You have to do the survival grind to play the adventure. Playing the adventure rewards you with tools and materials for the survival grind, for you to grind to the next piece of the adventure. Repeat until credits roll.

The combat feels pretty nice, you wont use it after an hour into the game.

The game never pressures you with any meaningful challenge, the only set back I had was when I was raided. I love AI raids in survival games, but again, I was only disappointed.

Your only real defense is some spike traps. Battle monkeys always follow you. I couldn’t find a way to leave them to guard the base, and other monkeys won’t defend themselves. I got notified that a raid was happening, and it was long over by the time I got home. My base was wrecked.

When zombies wreck my base in 7 Days to Die, I am pressured to improve my defenses. When I lose a dinosaur in Ark, I look forward to the challenge of taming a new one and the fun it will bring. My only reaction to my base being wrecked was groaning that the grind for the next part of the adventure was extended.

It wasn’t challenging, the game is easy. It was just time-consuming. I didn’t even enjoy the raid itself since I wasn’t home! I had very little warning that it was going to happen, and it was over within a minute.

Fly my pretties!

Which would be fine if the game provided fun tools to allow me to prep a good defense. That’s really the crux of The Survivalists. It goes halfway in on survival and halfway in on adventure without committing to either.

It’s a miracle that survival as a genre works at all, it’s my favorite one, but its a terrible idea on paper. You have to go all-in on it or not all. If you just use it to supplement a game, it’s just frustrating because those mechanics aren’t fun when taken out of the machine they were made for. It’s like if Kratos had to stop and water a garden between axing enemies and yelling boy. It just doesn’t work.

Verdict

This review hurt me, Team 17 is a great developer and publisher. I have been looking forward to The Survivalists for a long time. I think they just missed the mark here, I can’t understand the design philosophy behind the game. I’m not sure what it was meant to accomplish or what was supposed to make it fun.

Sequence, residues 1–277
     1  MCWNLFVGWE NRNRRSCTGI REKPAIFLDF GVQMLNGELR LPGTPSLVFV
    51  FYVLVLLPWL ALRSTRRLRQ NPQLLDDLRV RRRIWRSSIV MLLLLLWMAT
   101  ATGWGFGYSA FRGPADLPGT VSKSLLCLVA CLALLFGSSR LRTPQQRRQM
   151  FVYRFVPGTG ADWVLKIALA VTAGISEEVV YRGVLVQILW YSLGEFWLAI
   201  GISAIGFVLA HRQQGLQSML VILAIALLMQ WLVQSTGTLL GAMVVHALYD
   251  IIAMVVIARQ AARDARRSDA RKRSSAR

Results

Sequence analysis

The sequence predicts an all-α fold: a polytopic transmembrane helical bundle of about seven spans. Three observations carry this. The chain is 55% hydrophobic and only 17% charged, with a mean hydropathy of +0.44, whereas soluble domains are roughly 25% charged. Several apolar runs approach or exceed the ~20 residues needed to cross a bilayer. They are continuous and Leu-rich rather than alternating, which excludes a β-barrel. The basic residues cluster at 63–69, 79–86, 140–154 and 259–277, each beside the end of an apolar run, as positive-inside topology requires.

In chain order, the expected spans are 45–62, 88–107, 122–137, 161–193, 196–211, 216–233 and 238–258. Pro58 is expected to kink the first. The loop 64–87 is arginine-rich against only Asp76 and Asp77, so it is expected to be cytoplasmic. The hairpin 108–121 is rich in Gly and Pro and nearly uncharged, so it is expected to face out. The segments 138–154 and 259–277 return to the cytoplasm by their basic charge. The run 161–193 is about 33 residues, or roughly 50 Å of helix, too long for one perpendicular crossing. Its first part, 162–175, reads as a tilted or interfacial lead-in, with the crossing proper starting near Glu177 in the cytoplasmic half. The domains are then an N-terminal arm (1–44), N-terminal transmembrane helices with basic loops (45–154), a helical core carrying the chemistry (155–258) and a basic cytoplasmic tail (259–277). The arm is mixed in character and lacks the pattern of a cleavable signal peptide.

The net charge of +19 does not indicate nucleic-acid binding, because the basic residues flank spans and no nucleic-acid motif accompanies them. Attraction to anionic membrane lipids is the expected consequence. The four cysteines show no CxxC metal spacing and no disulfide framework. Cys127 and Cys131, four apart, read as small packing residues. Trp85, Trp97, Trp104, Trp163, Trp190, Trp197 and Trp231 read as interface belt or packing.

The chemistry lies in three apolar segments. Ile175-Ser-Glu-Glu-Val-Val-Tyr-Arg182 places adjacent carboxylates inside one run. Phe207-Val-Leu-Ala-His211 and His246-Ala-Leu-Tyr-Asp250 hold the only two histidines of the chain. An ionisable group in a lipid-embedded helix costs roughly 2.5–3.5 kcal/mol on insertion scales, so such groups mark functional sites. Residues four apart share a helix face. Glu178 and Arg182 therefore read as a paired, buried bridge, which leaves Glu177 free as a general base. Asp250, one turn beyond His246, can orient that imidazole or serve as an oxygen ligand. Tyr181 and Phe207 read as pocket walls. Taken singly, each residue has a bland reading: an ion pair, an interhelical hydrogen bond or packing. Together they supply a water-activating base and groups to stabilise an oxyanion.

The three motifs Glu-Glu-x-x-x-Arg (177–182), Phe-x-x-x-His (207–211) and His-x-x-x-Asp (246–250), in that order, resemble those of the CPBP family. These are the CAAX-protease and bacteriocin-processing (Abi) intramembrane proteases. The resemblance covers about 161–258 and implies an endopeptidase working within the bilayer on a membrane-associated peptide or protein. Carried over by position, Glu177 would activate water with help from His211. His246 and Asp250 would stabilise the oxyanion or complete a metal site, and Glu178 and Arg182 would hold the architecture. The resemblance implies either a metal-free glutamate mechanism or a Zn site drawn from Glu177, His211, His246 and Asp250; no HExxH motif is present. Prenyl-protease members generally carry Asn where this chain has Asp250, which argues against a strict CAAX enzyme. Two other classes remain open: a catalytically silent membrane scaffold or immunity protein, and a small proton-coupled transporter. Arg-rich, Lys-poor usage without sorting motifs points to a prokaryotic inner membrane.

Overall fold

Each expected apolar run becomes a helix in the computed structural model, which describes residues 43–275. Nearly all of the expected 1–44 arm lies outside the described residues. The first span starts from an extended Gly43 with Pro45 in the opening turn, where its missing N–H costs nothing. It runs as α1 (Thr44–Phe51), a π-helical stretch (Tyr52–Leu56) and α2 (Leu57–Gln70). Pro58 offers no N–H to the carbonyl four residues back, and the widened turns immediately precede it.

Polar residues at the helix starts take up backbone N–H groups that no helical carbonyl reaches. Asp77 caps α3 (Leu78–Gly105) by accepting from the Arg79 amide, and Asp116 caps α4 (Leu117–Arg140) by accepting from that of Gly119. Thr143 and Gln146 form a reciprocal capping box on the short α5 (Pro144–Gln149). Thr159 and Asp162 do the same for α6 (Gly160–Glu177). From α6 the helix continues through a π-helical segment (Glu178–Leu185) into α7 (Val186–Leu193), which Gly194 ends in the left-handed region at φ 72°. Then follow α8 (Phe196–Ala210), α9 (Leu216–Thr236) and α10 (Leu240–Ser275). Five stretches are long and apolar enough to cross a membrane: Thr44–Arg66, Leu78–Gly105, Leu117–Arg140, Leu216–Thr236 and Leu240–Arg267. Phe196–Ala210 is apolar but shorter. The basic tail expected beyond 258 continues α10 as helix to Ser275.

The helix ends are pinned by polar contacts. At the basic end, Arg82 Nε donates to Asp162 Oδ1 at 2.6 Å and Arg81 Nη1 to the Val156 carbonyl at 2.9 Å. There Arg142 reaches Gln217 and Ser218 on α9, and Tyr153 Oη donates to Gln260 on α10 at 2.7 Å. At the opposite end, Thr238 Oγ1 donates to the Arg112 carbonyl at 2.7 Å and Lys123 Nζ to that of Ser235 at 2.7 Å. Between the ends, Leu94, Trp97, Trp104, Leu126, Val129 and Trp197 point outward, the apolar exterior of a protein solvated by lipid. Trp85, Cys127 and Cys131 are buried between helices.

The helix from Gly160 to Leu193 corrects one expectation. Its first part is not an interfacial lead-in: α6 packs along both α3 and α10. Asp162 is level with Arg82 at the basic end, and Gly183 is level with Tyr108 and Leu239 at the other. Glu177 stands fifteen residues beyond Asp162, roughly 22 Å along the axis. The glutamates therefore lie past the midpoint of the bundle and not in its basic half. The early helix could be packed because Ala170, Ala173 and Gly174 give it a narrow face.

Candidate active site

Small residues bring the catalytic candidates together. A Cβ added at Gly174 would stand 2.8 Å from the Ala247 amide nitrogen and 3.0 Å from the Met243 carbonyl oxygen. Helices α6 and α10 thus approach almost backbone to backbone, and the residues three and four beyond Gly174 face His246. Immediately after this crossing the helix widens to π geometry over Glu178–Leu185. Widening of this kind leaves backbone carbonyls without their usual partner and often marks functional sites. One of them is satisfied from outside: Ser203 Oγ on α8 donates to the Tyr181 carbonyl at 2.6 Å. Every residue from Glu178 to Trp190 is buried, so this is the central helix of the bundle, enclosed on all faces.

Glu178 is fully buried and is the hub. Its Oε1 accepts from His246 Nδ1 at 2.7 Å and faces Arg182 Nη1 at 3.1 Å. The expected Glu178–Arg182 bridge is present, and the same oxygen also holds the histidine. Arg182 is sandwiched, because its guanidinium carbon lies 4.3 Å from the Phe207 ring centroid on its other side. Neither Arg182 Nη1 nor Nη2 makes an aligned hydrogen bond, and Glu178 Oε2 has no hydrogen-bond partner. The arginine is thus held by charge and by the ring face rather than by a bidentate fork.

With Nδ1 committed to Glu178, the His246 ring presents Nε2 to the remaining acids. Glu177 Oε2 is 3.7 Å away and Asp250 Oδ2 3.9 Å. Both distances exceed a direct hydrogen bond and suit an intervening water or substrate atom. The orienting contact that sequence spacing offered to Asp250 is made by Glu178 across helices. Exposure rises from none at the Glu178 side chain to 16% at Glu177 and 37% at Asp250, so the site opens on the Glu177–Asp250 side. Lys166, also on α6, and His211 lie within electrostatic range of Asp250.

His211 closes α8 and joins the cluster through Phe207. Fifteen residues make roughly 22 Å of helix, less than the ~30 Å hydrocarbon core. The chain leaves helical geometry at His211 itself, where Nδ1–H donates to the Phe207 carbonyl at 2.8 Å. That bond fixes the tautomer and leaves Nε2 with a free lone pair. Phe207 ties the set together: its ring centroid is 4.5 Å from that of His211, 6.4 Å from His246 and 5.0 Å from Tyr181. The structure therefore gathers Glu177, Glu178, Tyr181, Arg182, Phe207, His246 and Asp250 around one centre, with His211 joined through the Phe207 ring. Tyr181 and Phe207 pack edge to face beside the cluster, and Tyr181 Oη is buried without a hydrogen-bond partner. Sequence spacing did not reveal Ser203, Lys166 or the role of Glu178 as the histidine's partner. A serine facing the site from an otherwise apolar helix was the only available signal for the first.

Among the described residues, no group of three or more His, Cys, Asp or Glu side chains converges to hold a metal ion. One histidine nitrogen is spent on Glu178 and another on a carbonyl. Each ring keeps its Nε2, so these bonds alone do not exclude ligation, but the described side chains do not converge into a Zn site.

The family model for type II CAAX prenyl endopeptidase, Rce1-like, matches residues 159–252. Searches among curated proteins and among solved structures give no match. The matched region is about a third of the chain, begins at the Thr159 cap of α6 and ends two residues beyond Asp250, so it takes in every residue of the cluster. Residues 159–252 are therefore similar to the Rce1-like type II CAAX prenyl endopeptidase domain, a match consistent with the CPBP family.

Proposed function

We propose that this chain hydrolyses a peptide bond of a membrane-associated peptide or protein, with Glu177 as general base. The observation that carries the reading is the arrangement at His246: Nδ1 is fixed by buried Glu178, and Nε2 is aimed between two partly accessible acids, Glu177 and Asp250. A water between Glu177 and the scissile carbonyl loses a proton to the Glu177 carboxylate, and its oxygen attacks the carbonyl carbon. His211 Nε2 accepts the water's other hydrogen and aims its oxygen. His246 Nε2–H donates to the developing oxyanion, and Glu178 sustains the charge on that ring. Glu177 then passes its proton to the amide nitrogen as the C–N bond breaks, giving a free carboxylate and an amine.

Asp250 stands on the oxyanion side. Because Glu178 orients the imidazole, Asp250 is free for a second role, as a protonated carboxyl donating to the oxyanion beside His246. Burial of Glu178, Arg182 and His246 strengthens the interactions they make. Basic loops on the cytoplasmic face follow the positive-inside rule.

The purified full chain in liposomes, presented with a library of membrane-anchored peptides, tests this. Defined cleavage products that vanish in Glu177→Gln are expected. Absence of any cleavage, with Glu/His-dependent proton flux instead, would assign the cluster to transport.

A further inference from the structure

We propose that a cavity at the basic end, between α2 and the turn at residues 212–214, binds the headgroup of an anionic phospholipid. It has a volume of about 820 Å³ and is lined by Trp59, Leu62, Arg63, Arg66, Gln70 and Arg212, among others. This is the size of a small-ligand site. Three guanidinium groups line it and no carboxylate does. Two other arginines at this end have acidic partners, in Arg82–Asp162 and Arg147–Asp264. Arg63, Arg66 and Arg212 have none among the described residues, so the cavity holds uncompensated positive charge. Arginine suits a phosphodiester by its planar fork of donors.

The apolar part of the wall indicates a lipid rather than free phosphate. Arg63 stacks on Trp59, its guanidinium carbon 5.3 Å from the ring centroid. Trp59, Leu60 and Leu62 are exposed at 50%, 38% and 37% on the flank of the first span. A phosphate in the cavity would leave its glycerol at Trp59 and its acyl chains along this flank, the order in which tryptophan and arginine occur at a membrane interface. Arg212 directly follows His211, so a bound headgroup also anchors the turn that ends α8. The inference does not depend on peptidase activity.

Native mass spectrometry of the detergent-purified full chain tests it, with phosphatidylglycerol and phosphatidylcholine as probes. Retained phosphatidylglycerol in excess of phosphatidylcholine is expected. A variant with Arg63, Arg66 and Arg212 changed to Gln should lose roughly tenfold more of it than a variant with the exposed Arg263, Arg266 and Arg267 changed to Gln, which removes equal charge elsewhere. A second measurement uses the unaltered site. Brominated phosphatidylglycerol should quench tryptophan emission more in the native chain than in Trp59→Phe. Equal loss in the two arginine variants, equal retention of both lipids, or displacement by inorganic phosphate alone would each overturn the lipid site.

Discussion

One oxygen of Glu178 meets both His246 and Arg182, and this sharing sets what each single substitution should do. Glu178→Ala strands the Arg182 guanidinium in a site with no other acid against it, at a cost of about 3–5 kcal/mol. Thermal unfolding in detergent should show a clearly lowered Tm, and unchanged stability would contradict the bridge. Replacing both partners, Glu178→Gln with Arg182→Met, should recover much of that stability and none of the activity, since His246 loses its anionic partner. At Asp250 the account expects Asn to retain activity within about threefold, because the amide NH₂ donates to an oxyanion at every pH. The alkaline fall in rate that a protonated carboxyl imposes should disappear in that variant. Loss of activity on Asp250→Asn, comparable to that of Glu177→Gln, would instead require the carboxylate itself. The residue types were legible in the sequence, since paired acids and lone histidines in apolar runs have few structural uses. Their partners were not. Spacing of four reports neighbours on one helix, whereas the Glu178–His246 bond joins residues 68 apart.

It features a bunch of mechanics and concepts that work, but they don’t work together. In fact, they are at odds with each other. The adventure is very shallow but it’s the only part that feels like a game. The Survival aspects are shallow and just feels like a chore you have to perform to get to the “game” part.

Despite the clunky nature, I love the monkey system and the fact that they can do everything you can. Yet automation is a hot mechanic in some games right now, and everything that the Survivalists does has surili been done better in other games already.

The Survivalists combines a poor survival experience with a lacking adventure game. The result is a gimped title that struggles to be anything at all. Its novel monkey system isn’t enough to salvage this shipwreck.

A copy of The Survivalists was provided for Gideon’s Gaming by Team 17 for the purpose of review.

You might also be interested in the more positive reviews I’ve done of Team 17 related games. Check out my reviews of Going Under, Neon Abyss, Overcooked 2, and Genesis Alpha One. If you want to help me out, consider donating 3 dollars to my Kofi page. Every little bit helps.

Pros

  • Interesting monkey system, your little furry friends can do everything that you can
  • Solid lightweight combat system

Cons

  • Incredibly clunky controls, interface, and mechanics
  • The game loop is grindy, tedious, and time-consuming with no payoff
  • Survival aspects are underutilized and trivial
  • Monkeys destroy your enemies with no mercy, there is no challenge or strategy
  • The adventure portion is shallow